What NOT to Learn from Bobby Fischer about Real Estate Investing

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Growing up I played chess.  

I was never any good, but I was the “proud” member of the high school chess team.  

As an homage to my geeky past I recently picked up a biography of the best chess player to have ever sat at a board, Bobby Fischer.  In the early 70’s he became a symbol of the Cold War and ultimately took the title of World Chess Champion from the Soviet Boris Spassky.  Unfortunately, the remainder of his life was a story of failure.  Let’s discuss some of his mistakes and how they can serve as examples for us real estate investors.

Don’t Get Greedy

Fischer rose to international fame in the years leading up to his 1972 World Championship match.  Understandably, he attempted to parlay this into a financially secure future.  He put the word out that he had a strong profit motive and hundreds of offers poured through the door for sponsored matches, speaking engagements, and private lessons.  The typical celebrity would take this new wind fall with a grain of humility and pick and choose which to accept based on their prestige and compensation.

Bobby Fischer was not a typical celebrity.  When an offer came in he viewed it with disdain and sneered at the “low ball” offer…even when he was being offered millions of dollars.  He countered everything by countering at double, triple, or even quadruple the initial bid.  Interestingly enough, this drove away potential business partners.  In fact he only ever played one more paid match in his life: in 1992, 15 years after being crowned World Champion.

Why?  There are any numbers of reasons: greed, ego, psychological issues, etc.  Regardless, his need to squeeze every penny hurt both his net worth and his reputation.

In any business, but especially in real estate, this strategy doesn’t work.  Everyone is in this to either make or save money, and you have to accept that.  Whether it’s a broker looking for a commission, or a tenant looking for a reasonably priced place to live, if you get too greedy you’re going to lose in the long run.

Reminds me of a country saying: “Pigs get fat but hogs get slaughtered.”

Don’t Give in to the Fear of Failure

Even when Fischer was at in his prime, he found fault with everything.  He wouldn’t play if there was a single camera, if people could see the board, or if the commencement interfered with his 1 PM wake up time.  Looking back at the events, we can make a solid argument that many of his actions, or more specifically refusals to act, were driven from fear.  He was so worried about not living up to the immense pressure he was under that he found any excuse not to do anything.

This fear of failure is no stranger to the real estate investor.  Pulling the trigger on a deal can be hard.  Is this the best price?  Can you lose money?  What if the tenant skips?  What if there is a fire?

These are all reasonable questions to ask, but they should be things you allow for…not things that keep you from doing anything.

Don’t Pick a Fight with the Government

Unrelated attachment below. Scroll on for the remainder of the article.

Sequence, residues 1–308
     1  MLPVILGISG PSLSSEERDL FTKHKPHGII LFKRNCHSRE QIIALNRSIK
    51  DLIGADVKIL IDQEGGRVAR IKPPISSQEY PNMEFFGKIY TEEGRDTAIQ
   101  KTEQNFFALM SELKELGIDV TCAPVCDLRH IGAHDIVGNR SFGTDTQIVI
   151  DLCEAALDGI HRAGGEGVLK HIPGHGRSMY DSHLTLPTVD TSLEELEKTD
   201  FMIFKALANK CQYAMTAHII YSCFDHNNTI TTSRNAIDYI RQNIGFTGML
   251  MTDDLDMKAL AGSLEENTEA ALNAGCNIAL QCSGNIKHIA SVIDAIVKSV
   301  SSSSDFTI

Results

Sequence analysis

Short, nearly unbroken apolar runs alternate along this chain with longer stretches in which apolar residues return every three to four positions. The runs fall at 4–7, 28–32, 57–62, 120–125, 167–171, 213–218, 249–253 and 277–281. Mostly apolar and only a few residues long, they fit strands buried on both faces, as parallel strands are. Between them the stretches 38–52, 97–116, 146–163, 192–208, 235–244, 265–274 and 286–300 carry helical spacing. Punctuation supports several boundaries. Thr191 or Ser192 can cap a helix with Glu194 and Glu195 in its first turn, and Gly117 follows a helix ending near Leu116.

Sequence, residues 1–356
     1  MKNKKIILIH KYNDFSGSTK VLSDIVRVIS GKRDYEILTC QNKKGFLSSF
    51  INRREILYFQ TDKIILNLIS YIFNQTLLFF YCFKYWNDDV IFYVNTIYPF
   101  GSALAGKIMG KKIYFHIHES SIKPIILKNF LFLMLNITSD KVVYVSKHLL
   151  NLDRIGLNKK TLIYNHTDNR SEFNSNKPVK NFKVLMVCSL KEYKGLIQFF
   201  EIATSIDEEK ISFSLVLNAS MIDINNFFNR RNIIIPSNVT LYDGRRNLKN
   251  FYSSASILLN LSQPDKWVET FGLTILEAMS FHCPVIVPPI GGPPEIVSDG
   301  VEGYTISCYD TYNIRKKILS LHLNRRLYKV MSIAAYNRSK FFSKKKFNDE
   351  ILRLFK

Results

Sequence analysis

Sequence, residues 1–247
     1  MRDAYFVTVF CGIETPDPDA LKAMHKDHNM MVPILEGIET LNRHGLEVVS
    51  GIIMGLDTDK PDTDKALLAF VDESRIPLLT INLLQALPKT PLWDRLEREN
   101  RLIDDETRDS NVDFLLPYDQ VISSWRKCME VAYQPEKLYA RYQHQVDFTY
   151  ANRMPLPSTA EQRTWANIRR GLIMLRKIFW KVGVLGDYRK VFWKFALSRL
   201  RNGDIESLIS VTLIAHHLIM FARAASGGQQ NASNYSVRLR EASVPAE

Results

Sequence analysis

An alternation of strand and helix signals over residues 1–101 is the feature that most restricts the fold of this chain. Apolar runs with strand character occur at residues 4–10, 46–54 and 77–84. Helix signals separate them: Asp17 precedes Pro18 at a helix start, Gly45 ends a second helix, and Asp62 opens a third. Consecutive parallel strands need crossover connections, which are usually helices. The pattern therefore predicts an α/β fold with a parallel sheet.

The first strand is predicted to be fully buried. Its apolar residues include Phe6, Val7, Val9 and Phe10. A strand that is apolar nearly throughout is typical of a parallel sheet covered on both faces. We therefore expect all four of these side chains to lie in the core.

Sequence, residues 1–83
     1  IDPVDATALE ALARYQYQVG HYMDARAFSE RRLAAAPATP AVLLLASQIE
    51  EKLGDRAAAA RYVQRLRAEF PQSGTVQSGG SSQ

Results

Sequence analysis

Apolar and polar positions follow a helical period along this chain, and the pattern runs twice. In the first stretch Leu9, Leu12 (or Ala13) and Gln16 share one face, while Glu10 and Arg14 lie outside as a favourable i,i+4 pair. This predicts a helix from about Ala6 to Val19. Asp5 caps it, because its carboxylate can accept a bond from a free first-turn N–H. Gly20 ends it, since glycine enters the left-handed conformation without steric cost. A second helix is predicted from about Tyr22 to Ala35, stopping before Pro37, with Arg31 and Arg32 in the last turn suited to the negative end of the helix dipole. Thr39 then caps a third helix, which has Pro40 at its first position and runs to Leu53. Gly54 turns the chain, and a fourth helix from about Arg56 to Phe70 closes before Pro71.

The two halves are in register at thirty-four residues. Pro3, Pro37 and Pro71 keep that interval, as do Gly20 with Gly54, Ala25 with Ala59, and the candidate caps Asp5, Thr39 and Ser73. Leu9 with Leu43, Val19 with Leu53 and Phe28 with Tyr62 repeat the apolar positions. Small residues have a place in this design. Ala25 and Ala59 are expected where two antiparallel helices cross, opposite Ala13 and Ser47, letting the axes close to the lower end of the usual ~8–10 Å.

Fischer lost a court battle early in his life and became so disenfranchised with the US Government that he refused to pay taxes ever again.  To make matters worse, his 1992 match netted him millions of dollars,but it was played in Yugoslavia, a country under a United Nations embargo.  When he received a cease and desist letter from the US Government prior to his match, he famously spit on the notice during a press conference.

There’s a time and place for civil disobedience, but think hard about the implications before taking any action.

The end result for Fischer was years abroad living in fear, which ended with a nine month detention in Japan, revocation of his US citizenship, and fleeing to Iceland (after a dozen other countries rejected him).

Not to mention a prolonged legal estate battle between the US government and his heirs that has not yet been resolved.

In our industry, the options aren’t near as grandiose: pay your taxes and don’t break the law.  It’s pretty easy for the government to find you when you own real estate.

Wrap it Up: Don’t be Like Bobby Fischer…Entirely

Long years and of training and dedication propelled him to the top of the chess world, and that’s admirable.  We should all hope to be that good at anything.

It’s a shame he made such egregious mistakes in the other parts of his life.  His greed, fear of failure, and poor fight selection pushed him down a road that ended with his living in Iceland without friends, family, or money he could access.

All humans are flawed, historical figures no less so.  If you’re looking for a role model, you could do worse than Bobby Fischer, just be careful which attributes you emulate.

Photo: Abode of Chaos

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About Author

During Kenny's decade in finance he bought many single family rentals in rural areas, as a hobby. Along the way, he talked some brave souls into joining him as investors and recently retired from finance to take his hobby to the next level. Find more by and about Kenny on his personal blog and his recently created twitter account!

5 Comments

  1. Excellent observations, and I would add one more character flaw: Pride.

    We’re not talking about the feeling of accomplishment that is healthy and necessary to a fulfilling life, but the bloated, egotistical and undeserved thoughts of superiority. Ask me how I know… I’ve been there. In fact, I believe it is a major reason why I am now in my (temporary) hiatus from real estate investing.

    As the saying goes… “Pride comes before a fall…” I am definitely paying for my pompous mistakes and I hope I am a better person for it. We can all learn from the Bobby Fischers of the world.

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